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Solve Pest Problems Naturally

 In Articles

Pesticides don’t solve pest problems.

Roundup, also known as Glyphosate, damages genes and causes birth defects, and it is the most widely used herbicide in the United States.

Americans use more than a billion pounds of pesticides each year in homes, businesses, schools, parks, hospitals and public places. Pesticides are dangerous to pets, fish and birds, and are hazardous to humans.

90 percent of our nation’s urban streams are contaminated with pesticides.

Instead, solve your problems naturally without chemical pesticides. Here are widely-used alternatives to harmful chemical pesticides.

Handpicking: This method can be time-consuming but is unbeatable. Wear gloves to remove visible insect and weed pests.

Barriers, traps, netting, sticky board: Barriers and traps can capture pests in your gardens. Netting, such as cheese cloth, can be places over the bed, protecting seedlings from chewing insects, preventing flying insects from laying eggs, and will keep animals away. Bury a tin can in your garden so the lip of the can is flush with the soil surface. Bugs will fall into the can and will be unable to get out. A piece of yellow board or thick paper, coated with a sticky substance will attract and intercept small flying insects.

Companion planting: Strategically place insect-repelling plants next to crops that will benefit from the natural properties of the plant. For example, planting garlic among vegetables will fend off Japanese beetles, aphids, and spider mites.

Crop rotation: Plant different kinds of vegetables in each different section of your garden plot each year. Insects lay their eggs in the soil a couple of inches below the surface in the fall, and when the eggs hatch in the spring, they immediately begin the search for their food source. If the plant they prefer to eat is located several feet or yards away, the insect must migrate to the source. Many of the insects will die along the way or fall prey to birds and other insects.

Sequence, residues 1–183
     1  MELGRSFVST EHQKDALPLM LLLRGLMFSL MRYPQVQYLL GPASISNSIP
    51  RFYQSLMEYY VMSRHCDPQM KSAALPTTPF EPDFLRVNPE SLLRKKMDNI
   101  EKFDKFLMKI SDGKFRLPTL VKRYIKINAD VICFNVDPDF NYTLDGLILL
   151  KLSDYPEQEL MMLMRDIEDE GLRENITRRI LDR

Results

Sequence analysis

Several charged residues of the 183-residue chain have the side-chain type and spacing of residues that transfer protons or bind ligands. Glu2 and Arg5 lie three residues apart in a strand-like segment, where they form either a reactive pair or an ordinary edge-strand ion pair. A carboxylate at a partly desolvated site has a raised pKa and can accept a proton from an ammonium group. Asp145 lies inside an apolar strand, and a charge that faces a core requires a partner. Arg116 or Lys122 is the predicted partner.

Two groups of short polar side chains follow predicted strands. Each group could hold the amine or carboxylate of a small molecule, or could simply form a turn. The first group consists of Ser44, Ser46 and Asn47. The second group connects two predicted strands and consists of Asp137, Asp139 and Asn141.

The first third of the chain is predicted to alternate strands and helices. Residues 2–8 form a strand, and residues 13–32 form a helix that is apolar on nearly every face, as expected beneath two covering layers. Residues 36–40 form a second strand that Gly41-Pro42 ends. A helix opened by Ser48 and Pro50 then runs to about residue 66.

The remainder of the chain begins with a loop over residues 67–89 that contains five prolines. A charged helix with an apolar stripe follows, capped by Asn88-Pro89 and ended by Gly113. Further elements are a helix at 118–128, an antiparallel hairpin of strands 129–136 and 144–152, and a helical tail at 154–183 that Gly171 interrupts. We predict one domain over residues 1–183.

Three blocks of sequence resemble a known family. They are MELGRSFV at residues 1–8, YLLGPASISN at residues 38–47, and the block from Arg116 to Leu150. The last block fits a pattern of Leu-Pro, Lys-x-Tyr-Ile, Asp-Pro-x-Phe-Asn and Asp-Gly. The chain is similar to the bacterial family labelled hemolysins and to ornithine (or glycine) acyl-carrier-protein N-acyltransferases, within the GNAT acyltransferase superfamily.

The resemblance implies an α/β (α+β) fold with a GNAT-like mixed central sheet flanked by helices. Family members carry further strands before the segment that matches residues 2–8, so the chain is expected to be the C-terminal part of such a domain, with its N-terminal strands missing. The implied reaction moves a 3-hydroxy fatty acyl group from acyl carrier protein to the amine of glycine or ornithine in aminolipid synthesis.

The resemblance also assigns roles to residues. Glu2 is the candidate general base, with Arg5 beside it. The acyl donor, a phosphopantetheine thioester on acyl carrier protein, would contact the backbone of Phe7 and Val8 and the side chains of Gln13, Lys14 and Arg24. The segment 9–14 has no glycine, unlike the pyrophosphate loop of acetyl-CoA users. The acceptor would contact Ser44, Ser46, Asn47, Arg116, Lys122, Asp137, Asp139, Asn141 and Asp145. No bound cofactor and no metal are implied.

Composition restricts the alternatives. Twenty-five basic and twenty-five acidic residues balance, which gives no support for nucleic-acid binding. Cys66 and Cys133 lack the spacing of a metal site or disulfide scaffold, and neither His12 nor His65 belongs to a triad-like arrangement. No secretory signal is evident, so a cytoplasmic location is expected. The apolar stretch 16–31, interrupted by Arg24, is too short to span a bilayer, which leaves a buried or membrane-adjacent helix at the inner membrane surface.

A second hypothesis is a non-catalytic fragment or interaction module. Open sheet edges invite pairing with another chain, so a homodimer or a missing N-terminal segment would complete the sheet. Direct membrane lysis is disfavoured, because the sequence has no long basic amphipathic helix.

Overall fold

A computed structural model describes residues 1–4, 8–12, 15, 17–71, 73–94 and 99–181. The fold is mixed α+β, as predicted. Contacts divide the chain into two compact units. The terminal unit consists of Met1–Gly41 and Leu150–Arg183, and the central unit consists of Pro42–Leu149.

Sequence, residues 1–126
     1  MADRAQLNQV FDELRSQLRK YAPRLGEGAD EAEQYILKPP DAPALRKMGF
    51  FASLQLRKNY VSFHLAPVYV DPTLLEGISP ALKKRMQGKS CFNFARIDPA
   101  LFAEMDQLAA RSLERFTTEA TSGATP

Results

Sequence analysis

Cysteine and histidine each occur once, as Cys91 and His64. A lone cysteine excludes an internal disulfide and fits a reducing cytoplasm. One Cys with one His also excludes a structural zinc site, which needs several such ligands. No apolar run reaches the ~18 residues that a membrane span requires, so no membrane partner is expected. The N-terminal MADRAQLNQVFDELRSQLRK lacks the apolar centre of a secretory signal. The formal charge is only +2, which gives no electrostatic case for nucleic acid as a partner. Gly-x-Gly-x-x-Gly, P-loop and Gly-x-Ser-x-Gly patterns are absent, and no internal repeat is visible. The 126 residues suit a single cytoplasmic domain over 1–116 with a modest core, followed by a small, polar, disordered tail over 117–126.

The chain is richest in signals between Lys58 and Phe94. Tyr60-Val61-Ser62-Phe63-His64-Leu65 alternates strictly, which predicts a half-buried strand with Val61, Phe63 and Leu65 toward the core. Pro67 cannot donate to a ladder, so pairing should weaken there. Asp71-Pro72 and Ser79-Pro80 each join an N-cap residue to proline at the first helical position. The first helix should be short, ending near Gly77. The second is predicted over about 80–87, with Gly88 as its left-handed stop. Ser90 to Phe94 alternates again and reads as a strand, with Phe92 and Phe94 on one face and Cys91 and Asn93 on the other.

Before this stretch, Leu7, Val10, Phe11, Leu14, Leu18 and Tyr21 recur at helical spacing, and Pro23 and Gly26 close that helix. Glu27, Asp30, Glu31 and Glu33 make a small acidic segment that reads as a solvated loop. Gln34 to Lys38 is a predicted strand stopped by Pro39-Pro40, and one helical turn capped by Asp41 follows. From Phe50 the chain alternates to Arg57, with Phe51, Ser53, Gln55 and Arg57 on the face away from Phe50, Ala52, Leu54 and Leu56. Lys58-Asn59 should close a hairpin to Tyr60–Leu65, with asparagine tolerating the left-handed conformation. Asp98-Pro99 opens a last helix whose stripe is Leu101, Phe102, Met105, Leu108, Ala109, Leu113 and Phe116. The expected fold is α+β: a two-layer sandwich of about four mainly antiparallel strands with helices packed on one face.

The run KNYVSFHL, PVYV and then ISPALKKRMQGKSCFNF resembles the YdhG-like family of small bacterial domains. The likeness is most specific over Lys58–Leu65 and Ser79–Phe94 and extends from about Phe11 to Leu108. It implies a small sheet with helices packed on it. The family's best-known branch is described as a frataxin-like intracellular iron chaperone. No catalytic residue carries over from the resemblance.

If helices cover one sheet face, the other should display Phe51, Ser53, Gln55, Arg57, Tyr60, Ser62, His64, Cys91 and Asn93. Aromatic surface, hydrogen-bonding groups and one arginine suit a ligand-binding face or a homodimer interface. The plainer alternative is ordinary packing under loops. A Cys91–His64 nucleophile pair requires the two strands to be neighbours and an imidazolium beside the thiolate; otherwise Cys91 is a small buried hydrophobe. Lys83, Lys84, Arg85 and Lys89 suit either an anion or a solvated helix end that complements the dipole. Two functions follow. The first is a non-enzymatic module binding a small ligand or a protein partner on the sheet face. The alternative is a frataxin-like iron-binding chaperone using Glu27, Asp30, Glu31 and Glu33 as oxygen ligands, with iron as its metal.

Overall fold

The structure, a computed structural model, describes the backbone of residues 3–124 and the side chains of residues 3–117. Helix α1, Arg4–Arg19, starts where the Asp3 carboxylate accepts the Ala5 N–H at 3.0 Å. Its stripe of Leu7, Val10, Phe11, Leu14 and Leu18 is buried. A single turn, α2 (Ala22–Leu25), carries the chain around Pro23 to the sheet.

Ladybugs: Release ladybugs into your garden. They are a natural pest control and are great for organic gardening. They eat destructive pests in your garden, such as aphids. Learn how to release ladybugs into your garden here.

 

 

It is important to remember that not all insects in the garden are considered “pests.” Some insects feed on harmful insects, It is important to learn how to

identify garden insects and determine whether or not they are harmful or beneficial. Garden books will provide illustrations and how to promote the population of beneficial insects, such as ladybugs, bees, dragonflies, and predacious mites, thrips, wasps and spiders.

 

 

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